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This report is taken from PN Review 109, Volume 22 Number 5, May - June 1996.

Oriel into H.M.S.O. Peter Finch

Oriel Bookshop opened in the spring of 1975, brain child of the poet Raymond Garlick and the Welsh Arts Coundl Literature Director, Meic Stephens. The climate for the subsidy of literature in Wales was good: even Charles Osborne said so. Garlick, former editor of the Anglo-Welsh Review, was concerned that the chain of subsidy snaking from writer, via bursaries, awards, and prizes, to the printer, publisher, designer and distributor never actually got as far as the reader. New works of literary merit, especially poetry, sat on bookshop shelves for so brief a time before being replaced with newer, more saleable and inevitably more downmarket lines. In the commercial arena the public were drowning in pap. Garlick wrote a paper on the subject for the Arts Council's Literature Committee, 'The Final Link'. The idea for a subsidised bookshop which had a brief actually to promote the avoided, neglected and commercially unacceptable gems of our literary culture was born.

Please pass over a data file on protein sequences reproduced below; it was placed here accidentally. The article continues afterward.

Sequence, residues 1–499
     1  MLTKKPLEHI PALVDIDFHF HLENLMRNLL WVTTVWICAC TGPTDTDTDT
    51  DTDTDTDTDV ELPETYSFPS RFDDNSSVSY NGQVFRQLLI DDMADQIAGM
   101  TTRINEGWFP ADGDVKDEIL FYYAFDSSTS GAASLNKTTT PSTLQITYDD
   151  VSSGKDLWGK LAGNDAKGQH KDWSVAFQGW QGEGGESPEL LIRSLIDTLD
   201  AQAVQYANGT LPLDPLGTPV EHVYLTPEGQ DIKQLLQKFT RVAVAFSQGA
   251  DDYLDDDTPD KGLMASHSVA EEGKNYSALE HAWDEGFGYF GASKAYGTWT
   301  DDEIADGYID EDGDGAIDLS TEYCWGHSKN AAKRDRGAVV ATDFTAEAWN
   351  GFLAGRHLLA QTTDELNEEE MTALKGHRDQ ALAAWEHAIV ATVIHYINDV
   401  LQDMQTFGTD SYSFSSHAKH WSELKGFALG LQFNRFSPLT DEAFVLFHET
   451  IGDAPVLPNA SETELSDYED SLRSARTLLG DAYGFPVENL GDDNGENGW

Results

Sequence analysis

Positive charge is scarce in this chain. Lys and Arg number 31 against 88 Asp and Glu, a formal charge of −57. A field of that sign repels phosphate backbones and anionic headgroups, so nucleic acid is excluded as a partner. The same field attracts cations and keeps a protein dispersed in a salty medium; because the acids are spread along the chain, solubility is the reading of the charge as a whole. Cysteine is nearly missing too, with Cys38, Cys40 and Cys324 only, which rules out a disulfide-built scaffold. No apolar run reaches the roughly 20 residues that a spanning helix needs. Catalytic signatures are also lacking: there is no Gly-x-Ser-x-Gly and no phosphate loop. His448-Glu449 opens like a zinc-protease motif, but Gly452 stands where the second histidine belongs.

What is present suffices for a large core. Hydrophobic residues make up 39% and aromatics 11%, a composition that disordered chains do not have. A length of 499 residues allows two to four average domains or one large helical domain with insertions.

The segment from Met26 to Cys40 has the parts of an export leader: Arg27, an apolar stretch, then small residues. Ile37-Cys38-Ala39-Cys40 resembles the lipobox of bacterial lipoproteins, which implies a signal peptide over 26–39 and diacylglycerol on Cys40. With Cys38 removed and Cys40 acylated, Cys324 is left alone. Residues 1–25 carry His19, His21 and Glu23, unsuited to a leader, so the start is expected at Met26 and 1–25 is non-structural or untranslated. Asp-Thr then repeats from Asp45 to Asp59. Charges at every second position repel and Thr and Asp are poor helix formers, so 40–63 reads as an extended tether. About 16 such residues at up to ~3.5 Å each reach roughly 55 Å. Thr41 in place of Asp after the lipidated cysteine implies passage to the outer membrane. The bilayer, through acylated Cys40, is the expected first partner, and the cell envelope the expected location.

The shop, christened Oriel, the Welsh word for gallery, readily pronounceable by English speakers, opened in a converted Victorian house situated in a side-street off Cardiff s main shopping thoroughfare. The Arts Council's gallery took over the ground floor where it ran a long series of innovative and usually Welsh based shows. The books were up a flight of rickety stairs on the first. We had the works of Saunders Lewis, the Mabinogion in translation, the racier bits of Dafydd ap Gwilym and the rantings of John Tripp. Downstairs they ...


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